Since all of the chambers are four cubits in breadth, they each take only four cubits of all space on the outside of the inner Temple wall. One could not fit properly in the corner since one chamber of four cubits’ breadth would have to match the other chamber’s length of five cubits. The side chambers must fit against the main wall, and not in the northwest and southwest corner. The corner is the “place that was left.” A five-cubit square arbitrarily set somewhere along the north or south wall is not logically the “place that was left. “This five-cubit space that was left is for the “winding stairs.”

Using the available north-south wall space, each chamber can be exactly four cubits in breadth, with one-cubit inner walls between each side-chamber. On the west the inner walls must be one half cubit (one foot) in order to fit.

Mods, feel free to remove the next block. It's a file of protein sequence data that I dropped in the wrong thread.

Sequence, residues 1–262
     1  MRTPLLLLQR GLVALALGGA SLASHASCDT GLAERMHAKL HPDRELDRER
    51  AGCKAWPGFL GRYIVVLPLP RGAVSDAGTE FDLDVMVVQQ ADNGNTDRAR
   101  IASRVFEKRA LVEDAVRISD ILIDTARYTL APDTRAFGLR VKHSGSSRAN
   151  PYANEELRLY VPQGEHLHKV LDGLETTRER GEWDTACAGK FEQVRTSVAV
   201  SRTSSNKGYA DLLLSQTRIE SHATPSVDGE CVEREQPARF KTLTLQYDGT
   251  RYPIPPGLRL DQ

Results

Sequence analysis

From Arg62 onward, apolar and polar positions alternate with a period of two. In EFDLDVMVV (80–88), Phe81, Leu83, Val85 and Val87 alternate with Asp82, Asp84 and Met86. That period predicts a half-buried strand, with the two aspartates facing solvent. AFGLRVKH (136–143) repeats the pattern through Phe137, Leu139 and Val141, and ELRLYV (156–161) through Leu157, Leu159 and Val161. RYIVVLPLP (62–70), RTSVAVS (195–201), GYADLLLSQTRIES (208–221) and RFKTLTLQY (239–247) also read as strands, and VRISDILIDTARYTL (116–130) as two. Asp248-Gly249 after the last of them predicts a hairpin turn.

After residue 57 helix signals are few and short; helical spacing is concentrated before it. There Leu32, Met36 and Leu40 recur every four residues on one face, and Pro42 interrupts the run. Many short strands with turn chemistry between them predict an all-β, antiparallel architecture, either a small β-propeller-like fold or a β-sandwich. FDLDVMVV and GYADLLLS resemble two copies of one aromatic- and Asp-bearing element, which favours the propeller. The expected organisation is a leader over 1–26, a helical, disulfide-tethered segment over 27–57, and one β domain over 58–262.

The space available allows for 13 side chambers on the south side, 13 on the north and seven on the west.

The next question is how these many chambers may be entered from the north and south entrances. The Bible is completely silent on this matter. No passageways, hallways or doors are described. No space is left in the description for such a passageway or hall. Where can we find the answer to this puzzling question?

We must look elsewhere for the answer. Where the Bible is silent, about the only source left is the records of the priest Josephus. Sometimes the Jewish Mishna is of help.

“He also made passages through them, that they might come into one through another” (Josephus Antiquities, VIII, III. 2).

From this it becomes plain. There was a passageway that went the entire length of the rooms to connect them together. It was, of necessity, a part of the space allotted to each chamber.